At a time when some Republican candidates in swing states are softening their anti-abortion rhetoric and fear that the overturning of Roe v. Wade will help their Democratic opponents, Sen. Lindsey Graham of South Carolina has proposed a federal anti-abortion law. Graham’s bill, unveiled on Tuesday, September 13, proposes a national abortion ban not long after a pregnancy’s first trimester. This is, according to Graham’s critics, a total flip flop from what Graham was saying earlier this year, when the Republican senator applauded the U.S. Supreme Court’s ruling in Dobbs v. Jackson Women’s Health Organization as a victory for states’ rights.
The federal government, Graham previously said, needs to stay out of abortion and leave it up to the individual states. Now, he is pushing an anti-abortion law at the federal level. Graham’s bill isn’t as extreme as what many MAGA Republicans have been proposing at the state level, including banning abortion from the moment of conception even in cases of rape or incest and even if the woman’s life is in danger. But it is, Graham’s critics are saying, a flip flop from what he said earlier this year.
One of those critics is Washington Post opinion columnist, former Republican and Never Trumper Jennifer Rubin. In her September 14 column, Rubin argues that Graham’s bill could be a “gift to Democrats” in the 2022 midterms — saying that Democratic strategists and candidates can use the bill to their political advantage.
“At a moment when Republican candidates are furiously scrubbing evidence of their extreme anti-abortion views from their websites, Sen. Lindsey O. Graham (S.C.) has underscored the determination of Republicans to enact a regime of forced birth throughout the United States,” Rubin explains. “Graham introduced a bill on Tuesday — just eight weeks before Election Day — that would impose a nationwide abortion ban after 15 weeks of pregnancy, barely into the second trimester. While he provides an exception in cases where the pregnancy would kill the woman, he provides no other exceptions to protect the health of women. Given the overwhelming popularity of the pro-choice position — even in red states such as Kansas — the proposal is a gift to Democrats.”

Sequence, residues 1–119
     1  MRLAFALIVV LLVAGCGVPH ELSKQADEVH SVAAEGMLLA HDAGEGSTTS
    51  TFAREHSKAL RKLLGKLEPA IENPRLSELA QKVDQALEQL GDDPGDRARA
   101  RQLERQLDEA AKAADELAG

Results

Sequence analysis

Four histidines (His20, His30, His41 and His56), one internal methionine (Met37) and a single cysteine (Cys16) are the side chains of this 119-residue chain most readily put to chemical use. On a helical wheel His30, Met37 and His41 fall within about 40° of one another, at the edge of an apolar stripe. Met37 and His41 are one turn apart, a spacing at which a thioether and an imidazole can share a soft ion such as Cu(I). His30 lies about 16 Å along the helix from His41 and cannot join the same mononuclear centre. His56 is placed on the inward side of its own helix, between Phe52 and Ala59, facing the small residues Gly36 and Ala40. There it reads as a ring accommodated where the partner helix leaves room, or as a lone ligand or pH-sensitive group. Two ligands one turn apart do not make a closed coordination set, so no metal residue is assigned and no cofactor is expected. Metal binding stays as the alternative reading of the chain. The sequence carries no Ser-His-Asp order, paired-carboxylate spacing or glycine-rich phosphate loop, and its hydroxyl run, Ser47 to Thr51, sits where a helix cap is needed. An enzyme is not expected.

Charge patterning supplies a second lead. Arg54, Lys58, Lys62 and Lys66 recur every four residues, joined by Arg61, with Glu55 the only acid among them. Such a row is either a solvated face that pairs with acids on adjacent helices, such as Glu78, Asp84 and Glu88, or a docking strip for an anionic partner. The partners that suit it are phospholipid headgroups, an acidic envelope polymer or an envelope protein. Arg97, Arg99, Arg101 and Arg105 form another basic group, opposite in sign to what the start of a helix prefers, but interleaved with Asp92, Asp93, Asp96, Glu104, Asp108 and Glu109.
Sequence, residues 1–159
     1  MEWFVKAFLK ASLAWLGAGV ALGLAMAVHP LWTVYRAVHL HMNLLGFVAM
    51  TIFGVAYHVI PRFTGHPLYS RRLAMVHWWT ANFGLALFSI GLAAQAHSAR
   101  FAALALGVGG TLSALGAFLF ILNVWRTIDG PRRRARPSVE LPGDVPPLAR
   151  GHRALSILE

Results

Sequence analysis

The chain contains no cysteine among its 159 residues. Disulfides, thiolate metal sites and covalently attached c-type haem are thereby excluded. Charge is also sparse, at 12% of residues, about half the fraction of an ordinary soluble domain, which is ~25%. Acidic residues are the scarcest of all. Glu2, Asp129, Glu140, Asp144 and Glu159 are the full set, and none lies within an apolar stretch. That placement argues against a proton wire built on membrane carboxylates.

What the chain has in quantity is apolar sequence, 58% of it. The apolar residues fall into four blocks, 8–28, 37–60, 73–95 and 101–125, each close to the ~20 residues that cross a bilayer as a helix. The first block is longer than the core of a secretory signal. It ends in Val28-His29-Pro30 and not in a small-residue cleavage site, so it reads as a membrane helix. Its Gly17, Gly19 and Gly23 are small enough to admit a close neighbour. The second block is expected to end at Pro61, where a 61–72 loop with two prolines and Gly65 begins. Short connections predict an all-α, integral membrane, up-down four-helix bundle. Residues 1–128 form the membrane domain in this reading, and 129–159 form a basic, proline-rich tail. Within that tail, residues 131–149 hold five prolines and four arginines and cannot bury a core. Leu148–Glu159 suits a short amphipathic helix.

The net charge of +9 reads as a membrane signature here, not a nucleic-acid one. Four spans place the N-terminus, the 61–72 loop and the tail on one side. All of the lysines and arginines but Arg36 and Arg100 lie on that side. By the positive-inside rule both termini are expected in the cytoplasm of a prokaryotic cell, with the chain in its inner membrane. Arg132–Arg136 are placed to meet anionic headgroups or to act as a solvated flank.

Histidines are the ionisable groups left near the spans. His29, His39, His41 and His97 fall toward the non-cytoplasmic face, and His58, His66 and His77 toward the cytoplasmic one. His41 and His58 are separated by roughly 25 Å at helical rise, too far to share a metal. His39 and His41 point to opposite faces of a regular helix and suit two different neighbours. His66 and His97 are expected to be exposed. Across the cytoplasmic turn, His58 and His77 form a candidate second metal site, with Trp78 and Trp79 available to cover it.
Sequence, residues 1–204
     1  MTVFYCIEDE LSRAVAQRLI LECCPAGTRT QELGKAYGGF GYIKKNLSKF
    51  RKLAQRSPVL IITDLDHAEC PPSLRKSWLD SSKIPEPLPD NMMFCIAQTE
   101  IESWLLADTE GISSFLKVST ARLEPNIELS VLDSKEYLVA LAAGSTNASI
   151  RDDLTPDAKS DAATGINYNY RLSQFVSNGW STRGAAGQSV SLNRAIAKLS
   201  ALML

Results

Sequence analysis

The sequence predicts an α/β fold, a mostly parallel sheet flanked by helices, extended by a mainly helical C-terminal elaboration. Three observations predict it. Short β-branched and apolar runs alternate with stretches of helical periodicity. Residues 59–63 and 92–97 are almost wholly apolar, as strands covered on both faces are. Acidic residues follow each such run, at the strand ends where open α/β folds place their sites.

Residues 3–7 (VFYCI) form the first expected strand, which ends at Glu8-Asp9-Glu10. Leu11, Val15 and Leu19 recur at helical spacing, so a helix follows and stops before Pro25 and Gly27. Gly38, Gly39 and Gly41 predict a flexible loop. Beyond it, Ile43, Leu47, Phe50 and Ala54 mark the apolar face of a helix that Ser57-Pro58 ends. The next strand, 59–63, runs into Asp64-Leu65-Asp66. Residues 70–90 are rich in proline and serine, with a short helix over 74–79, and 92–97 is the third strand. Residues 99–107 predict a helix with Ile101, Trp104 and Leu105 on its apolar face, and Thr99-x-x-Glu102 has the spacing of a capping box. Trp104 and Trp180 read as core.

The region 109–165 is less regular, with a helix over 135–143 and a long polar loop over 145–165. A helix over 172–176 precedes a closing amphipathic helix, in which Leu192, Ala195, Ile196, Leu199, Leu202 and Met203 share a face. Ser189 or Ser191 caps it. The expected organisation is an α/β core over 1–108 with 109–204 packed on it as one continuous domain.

Rubin, like other Graham critics, finds his timing bizarre. And she points out that while Senate Minority Leader Mitch McConnell was obviously uncomfortable with Graham’s bill, Senate Majority Leader Chuck Schumer was quick to slam it as “a radical bill to institute a nationwide restriction on abortions.” House Speaker Nancy Pelosi denounced Graham’s bill as “the latest, clearest signal of extreme MAGA Republicans’ intent to criminalize women’s health freedom in all 50 states and arrest doctors for providing basic care.”
But whatever Graham’s motivations, Rubin argues, his bill could benefit Democrats politically in the 2022 midterms.
“Perhaps Graham is more concerned with ingratiating himself with the far right than with helping his party regain the majority,” Rubin writes. “Whatever the reason, he has certainly lent a hand to Democrats who’ve been focusing on slippery Republicans trying to deny ownership of their past radical views…. Graham has provided a real service to the electorate. No voter need be confused about the two parties’ position on women’s autonomy, health care and constitutional rights. When Republicans tout a national abortion ban — or denounce the FBI or downplay January 6 or oppose a slew of popular bills — they are telling us precisely what they stand for. Voters should listen.”